Yesterday, DCPS and the Washington Teachers Union announced that they had agreed upon a new contract for DC teachers. After two years of stop-and-go negotiations, punctuated by occasional rifts between outsized personalities Michelle Rhee and Randi Weingarten, they settled upon a five-year agreement (with a couple of the years retroactive). Bill Turque has reported the salient details and the Washington Post editorial page has offered an enthusiastic endorsement.
A couple of thoughts on all this. First, the salaries we’re talking about are really eye-popping. Starting teachers will potentially be able to earn more than $72,000, as compared to the current $45,000. Teachers will be able to earn as much as $146,000, up from the current max of $87,000.
Second, the famed “red-green” proposal is gone. This proposed to allow current teachers to choose whether to remain in the traditional step-and-lane pay scale and the security it afforded or to opt for a new, lucrative, performance-oriented “green” scale without the job security. All new teachers would have been hired into the “green” scale. That framework is not in the agreement.
Third, Rhee has won for DCPS the long-sought “mutual consent” provision. This means that schools can no longer be forced to take on faculty that they don’t want. Under the new contract, teachers who lose their positions will not be guaranteed new slots. Rather, they will only be assured the opportunity to interview for available positions. If a teacher cannot find a school that wants to hire him or her, they’ll be let go (teachers who meet “performance expectations” will receive one year of leeway).
Fourth, the contract takes a clever, less-confrontational tack on tenure and seniority. Unlike under the old “red-green” proposal, teachers aren’t asked to give up tenure to get the big dollars. Instead, tenure is “redefined.” DCPS documents explain, “This contract clarifies tenure to ensure due process rights for teachers without guaranteeing them a job for life” and that the “system must have ‘just cause’ before it can dismiss a tenured employee.” Dismissed employees will still be able to fight terminations if they believe DCPS “did not follow the evaluation process.” DCPS officials tell me the result is school leaders have dramatically more freedom; but only time will tell whether this language amounts to a velvet revolution, or something less substantial.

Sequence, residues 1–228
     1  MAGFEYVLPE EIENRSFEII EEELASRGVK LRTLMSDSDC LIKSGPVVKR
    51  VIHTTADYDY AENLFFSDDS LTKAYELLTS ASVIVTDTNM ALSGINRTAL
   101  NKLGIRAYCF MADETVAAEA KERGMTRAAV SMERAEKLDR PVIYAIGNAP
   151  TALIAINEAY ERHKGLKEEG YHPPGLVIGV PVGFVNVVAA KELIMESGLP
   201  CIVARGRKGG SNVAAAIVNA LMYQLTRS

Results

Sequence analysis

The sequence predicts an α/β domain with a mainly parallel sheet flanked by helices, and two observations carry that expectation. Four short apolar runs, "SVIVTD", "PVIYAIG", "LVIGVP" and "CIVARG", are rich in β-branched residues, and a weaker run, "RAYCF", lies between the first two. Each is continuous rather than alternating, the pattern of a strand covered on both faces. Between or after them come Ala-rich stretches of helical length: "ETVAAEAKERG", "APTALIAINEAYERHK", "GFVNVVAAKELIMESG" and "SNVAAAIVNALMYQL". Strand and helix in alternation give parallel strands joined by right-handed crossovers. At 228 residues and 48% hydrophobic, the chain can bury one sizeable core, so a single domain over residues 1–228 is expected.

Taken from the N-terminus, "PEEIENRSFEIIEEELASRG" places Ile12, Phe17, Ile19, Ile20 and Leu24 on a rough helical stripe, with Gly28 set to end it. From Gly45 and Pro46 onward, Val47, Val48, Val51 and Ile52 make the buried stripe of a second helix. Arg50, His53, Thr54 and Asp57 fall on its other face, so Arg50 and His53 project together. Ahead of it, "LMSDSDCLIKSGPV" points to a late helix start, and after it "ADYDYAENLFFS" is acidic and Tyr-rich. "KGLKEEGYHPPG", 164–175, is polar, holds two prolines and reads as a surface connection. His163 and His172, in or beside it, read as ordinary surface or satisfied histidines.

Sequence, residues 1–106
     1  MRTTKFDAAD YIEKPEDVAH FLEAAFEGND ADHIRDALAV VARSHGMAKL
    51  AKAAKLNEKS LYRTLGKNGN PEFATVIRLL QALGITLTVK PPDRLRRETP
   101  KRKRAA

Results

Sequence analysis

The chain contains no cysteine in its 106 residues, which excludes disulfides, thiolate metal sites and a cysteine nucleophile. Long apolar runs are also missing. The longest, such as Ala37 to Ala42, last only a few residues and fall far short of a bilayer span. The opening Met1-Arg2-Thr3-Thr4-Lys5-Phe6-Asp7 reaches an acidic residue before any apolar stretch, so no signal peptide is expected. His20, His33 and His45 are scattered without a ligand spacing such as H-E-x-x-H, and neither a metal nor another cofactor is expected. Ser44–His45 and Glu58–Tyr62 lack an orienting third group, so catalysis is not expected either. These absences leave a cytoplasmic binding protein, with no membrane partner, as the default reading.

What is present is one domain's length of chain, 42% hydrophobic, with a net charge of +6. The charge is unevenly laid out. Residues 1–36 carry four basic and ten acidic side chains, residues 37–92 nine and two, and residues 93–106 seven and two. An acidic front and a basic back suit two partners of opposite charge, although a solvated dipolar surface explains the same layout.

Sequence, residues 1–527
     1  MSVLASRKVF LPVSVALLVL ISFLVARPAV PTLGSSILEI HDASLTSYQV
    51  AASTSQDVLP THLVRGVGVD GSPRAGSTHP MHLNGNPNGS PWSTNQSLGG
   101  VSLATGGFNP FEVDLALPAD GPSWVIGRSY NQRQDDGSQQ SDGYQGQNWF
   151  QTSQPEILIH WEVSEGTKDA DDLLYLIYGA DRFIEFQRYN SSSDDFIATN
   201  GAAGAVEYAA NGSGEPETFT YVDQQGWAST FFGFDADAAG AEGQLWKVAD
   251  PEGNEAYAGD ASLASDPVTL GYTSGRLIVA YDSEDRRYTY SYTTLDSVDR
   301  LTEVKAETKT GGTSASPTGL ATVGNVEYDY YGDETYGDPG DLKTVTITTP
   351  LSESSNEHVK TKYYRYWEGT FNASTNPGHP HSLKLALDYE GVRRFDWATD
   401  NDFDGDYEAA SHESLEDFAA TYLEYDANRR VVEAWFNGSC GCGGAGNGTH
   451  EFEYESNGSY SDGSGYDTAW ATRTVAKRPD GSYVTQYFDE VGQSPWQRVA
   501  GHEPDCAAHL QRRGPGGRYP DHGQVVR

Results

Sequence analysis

Fifth, on seniority, the win is clearer than on tenure. When employees are to be cut, seniority will not be determinative. Rather, DCPS will employ a performance-based rubric, with seniority making up 10% of that rubric. Instead of fruitlessly striving to “abolish” seniority, Rhee has taken the more nuanced tack of essentially diluted seniority into irrelevance. If it works as intended, it’ll offer a powerful path for contract reform.
Finally, the $64.5 million question: The contract was funded with the support of $64.5 million in funds provided by four major foundations (Arnold, Walton, Broad, and Robertson). The question has arisen as to what this might portend for the sustainability of the agreement. It’s a fair question. Indeed, in 2009, when the contract was going to be backed by $200-$300 million in foundation support, I voiced such concerns. With this new agreement, I’m much more inclined to give DCPS the benefit of the doubt for three reasons. First, the total wound up being just $65 million--down three-quarters from the figure that had been previously floated. Second, given that I’m guesstimating that we’re only talking about $20-25 million a year, at most, I’ve full confidence that savvy leadership can find those dollars within DCPS’s current outlays and projected revenues (after all, DC spent about $1.3 billion in 2008-09, all in). Third, so long as Randi Weingarten is on board, DC’s contract can now be sold as a national model for district-union partnerships (who’d a thunk it?!), which has the potential to shake loose additional funds.
What now? Well, the agreement has gone to DC’s Chief Financial Officer, Natwar Gandhi, for fiscal certification. If it passes muster, it will then go out to WTU members who will have two weeks to vote on ratification. If they ratify the contract, it’ll then go to the DC Council for final approval.
The opinions expressed in Rick Hess Straight Up are strictly those of the author(s) and do not reflect the opinions or endorsement of Editorial Projects in Education, or any of its publications.